Magical mystery tours with hierophant Hugh
June 4, 2013 | By:
He's been into punk, cheesemaking and NLP. Now, in his fifties, Hugh Lillingston is tripping (literally – he runs holidays and retreats) on ancient stones, symbols and spiritual meanings
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Monumental: Hugh has read the ancient codes and now imparts the information on spiritual mini-breaks

So here we are, a party of 23, at Stonehenge, on a cold, bright, Saturday dawn, and we are about to gain access to the 5,000-year-old megalithic masterpiece. We are here to observe a full moonset just after sunrise, on a Saturday, at an hour when private access is possible.

A previous visit here was a seminal event for me; an illegal visit by me and two friends in a London taxi on Walpurgis night in 1977. The full moon was setting along the A303. In the half-light, spirals of mist twisted slowly in the frosty hedgerows.

The gates were closed. So we assumed our ancient rights and climbed over the fence. A man in a box threatened us with a dog, and the constabulary was alerted.

Meanwhile, we witnessed the simultaneous setting of a gigantic full moon on the western horizon and the rising of an equally impressive sun to the east. And for a moment, we felt the perfection of the living planet, suspended in space, observed from that sacred space on Earth that mirrors the cosmos.

Moments later, the police arrived. The confrontation occurred in the centre of the circle with the spectacular cosmic drama on either side and we felt invincible. No charges were pressed.

Spiritual mini-breaks

Now, my hope is that everyone will have such a powerful personal experience. So after a magnificent hour at the stones, it was back to the Holiday Inn for breakfast, a slideshow and lecture. Then on to Avebury and Silbury Hill.

I call these trips ‘spiritual mini-breaks’, and they’re the latest in a series of Reality Engineering events that I have been running for more than ten years.

In March we sailed up the Nile from Luxor to Aswan, on to Abu Simbel and ended with meditation in the King’s Chamber of the Great Pyramid. (It’s free of adornment, its dimensions being its secret, just like Stonehenge.)

We have also done trips to Brazil, Jamaica, America, France, Italy, Greece, and several to Turkey, Spain and Morocco.

In the early days we did board breaking, metal bending, and fire walking in the desert. But while these are all useful tools – and in conjunction with Huna and NLP techniques can provide life-changing experiences – I was already on the trail of the Perennial Philosophy

How he got here

The breakthrough came in 2005, in my 50th year, when I found myself on a route I couldn’t have even imagined when I left school.

Back then, of course, I was going to be a rock star, rather than run the family farm. In the end, despite two albums and five singles (the last one with Pete Townsend producing, and allegedly charting in Belgium), Rikki and the Last Days of Earth did not make the big time.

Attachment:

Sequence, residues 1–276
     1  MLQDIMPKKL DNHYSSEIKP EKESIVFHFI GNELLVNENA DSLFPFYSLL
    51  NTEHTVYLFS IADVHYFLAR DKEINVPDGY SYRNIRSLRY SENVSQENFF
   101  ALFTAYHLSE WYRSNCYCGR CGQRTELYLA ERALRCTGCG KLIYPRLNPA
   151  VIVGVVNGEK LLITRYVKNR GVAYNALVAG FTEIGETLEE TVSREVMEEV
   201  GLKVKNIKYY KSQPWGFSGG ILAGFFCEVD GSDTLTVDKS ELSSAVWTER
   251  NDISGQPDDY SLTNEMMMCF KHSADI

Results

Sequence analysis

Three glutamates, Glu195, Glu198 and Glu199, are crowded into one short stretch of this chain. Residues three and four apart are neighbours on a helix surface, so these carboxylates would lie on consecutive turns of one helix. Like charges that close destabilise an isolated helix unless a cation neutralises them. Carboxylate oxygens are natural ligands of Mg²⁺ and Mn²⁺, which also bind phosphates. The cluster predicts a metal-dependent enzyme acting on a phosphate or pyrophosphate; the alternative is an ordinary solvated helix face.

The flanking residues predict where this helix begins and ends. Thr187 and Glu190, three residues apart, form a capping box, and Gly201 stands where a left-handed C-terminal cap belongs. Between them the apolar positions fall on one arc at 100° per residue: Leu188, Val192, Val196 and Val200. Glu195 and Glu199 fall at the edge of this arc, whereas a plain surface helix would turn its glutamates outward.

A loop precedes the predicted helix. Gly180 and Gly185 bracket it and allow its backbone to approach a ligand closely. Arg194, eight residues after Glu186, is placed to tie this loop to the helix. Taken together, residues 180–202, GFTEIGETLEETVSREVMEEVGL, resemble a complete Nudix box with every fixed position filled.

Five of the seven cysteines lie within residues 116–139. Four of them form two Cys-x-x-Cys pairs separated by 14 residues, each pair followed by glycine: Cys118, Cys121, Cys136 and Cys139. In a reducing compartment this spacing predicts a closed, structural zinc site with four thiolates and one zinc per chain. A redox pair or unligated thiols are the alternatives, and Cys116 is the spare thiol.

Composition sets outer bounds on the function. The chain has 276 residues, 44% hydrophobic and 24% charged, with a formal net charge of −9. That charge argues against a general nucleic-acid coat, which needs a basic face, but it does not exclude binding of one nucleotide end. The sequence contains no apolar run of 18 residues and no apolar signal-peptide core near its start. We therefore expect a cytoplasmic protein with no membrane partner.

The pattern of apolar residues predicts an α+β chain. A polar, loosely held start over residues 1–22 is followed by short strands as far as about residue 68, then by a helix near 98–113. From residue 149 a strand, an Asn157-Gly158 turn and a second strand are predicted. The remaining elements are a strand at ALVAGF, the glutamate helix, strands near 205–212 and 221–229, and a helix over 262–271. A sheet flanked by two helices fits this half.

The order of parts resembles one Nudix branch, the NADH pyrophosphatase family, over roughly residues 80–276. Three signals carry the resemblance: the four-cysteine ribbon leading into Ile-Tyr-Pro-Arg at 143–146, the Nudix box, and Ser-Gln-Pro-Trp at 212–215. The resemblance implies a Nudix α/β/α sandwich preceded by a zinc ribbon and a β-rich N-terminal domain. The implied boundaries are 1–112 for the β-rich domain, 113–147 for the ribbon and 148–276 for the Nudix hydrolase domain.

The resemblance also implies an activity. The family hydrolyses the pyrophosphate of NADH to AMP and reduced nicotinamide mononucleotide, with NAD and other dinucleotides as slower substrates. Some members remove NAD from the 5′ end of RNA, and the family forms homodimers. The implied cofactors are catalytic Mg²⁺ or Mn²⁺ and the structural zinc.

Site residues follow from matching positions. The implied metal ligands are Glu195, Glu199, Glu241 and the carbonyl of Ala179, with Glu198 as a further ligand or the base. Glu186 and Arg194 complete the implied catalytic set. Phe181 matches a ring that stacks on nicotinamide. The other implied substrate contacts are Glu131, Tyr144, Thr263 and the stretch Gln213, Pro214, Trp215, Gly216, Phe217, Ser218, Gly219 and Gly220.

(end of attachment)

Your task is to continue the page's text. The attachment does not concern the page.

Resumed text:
In 1981, I got married, had children, and turned to farming. I created Innes sourdough bread and Innes goat’s cheese, and was twice Supreme Champion at the British Cheese awards in the early days of the national food revival.

I was passionate about quality and authenticity. I still am, though now it’s as much about feeding the soul as the body.

Call me an old hippy, but I am increasingly drawn to the big questions. And I believe it’s a common experience: you have fun in your twenties, settle down in your thirties, work like fuck in your forties, and then you’re 50 and you… stop for a moment, and wonder what it’s all about.

In the west this is perceived as a mid-life crisis and time for a sports car. In the east it’s accepted as much more normal, and often time for a sabbatical, or a ‘spiritual gap year’.

A realisation at 50

In my own ‘gap year’, I experienced a revelation while being instructed by the late seer John Michell. He brought Glastonbury and ley lines into public consciousness back in the Seventies, and uncovered something of inestimable importance to mankind.

Following a trail through Plato, St John the Divine, Pythagoras and the measurements of the temples, he found evidence of an unknown prehistoric culture.

Someone had accurately surveyed the Earth, the moon and the sun, using a canon of numbers commensurate with the dimensions of the planet to build earthquake-resistant stone structures that encoded the data, and left them like a series of Post-it notes dotted about the earth for the benefit of future generations.

I am also – for want of a better word – a therapist. From that work, especially with the Warrior Programme, a charity for the homeless, I know it is possible for individuals to delete unwanted memories, and to create good new memories for themselves. (No one else can do that for them.)

My spiritual mini-breaks are like apps for your neck-top: techniques for uploading positive psychological states. And connecting to the inheritance hidden in the stones is massively boosted by the experience of the physical sites themselves.

Being part of these ventures has expanded my life beyond any horizon I could imagine, and has made my fifties my most enriching decade yet.

Appreciating the proportions of nature can give you a sense of proportion about yourself. And as you reach mid-life, what could be more important than that?

Hugh Lillingston 100x100

In 1987, Hugh started a farm-based food business growing organic herbs, salads and fruit, baking sourdough bread, and creating Innes goat cheese. In 2000, he qualified as a trainer of neuro-linguistic programming and founded the Thorpe Institute for the 7 Liberal Arts. He works with businesses, groups and individuals, and lectures internationally. For information on Hugh’s trips and events, visit his website, Reality Engineering